If you are looking for antioxidant support, these four beneficial spices can be easily incorporated into your daily diet. For those who do not wish to include these spices in their food, they are also commonly and conveniently available in supplement form.

Until next time ,stay healthy and remember, your best investment is your Health!

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How to boost your Brain Power

Eat well, think well: It turns out that the Romans were definitely on the right track with their famous saying “mens sana in corpore sano” (a healthy mind in a healthy body).


 

To protect yourself against a variety of age-related conditions that can impair your memory and the general functioning of your brain, a good first step is to concentrate on a healthful diet rich in fruits, vegetables, whole grains, and oily cold-water fish.

As your brain ages, important nerve cells are less able to protect themselves against highly reactive rogue compounds called free radicals.

Fortunately, the body has a natural defense system to protect itself against oxidative stress: antioxidants.

Scientific evidence for the important role that antioxidants play in maintaining brain health is considerable.


 

What you should eat: As a rule of thumb, to maximize the antioxidants in your diet, you should eat as many different types of fruits and vegetables as possible, especially the lushly colored ones that are rich in compounds called carotenoids and flavonoids.

Fruits with high antioxidant scores include blueberries, at more than 6,552 total ORAC units, blackberries (5,247), red delicious apples with skin (4,275), and sweet cherries (3,365).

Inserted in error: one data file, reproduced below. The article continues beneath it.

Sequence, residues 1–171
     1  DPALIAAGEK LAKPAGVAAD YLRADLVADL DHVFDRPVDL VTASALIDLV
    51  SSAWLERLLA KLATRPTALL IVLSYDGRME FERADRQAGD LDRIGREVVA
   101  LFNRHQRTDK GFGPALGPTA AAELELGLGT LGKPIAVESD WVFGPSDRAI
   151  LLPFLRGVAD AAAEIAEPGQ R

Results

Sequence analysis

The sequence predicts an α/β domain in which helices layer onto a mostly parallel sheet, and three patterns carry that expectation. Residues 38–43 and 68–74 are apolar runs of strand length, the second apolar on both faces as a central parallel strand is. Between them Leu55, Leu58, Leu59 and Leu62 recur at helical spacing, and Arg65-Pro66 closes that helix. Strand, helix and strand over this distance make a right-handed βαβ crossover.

Vegetables with high ORAC values include raw ginger root (14,840), raw garlic (5,346), cooked red cabbage (3,145), and cooked broccoli (2,386).

Nuts, including pecans (17,940), walnuts (13,541), and hazelnuts (9,645), are among the highest listed on the USDA Nutrient Data Laboratory’s 2007 ORAC chart.

Whole grains, such as whole wheat, oatmeal, and brown rice, are another excellent source of antioxidants because they contain important compounds that possess antioxidant activity.

You can check ORAC scores for particular foods by going to Nutrient Data Laboratory.

For your memory to function smoothly, brain cells need to be able to communicate quickly and easily with one another. As people age, though, nerve cells shrink, nutrient-rich blood supplies to the brain decline, and inflammation often complicates the situation.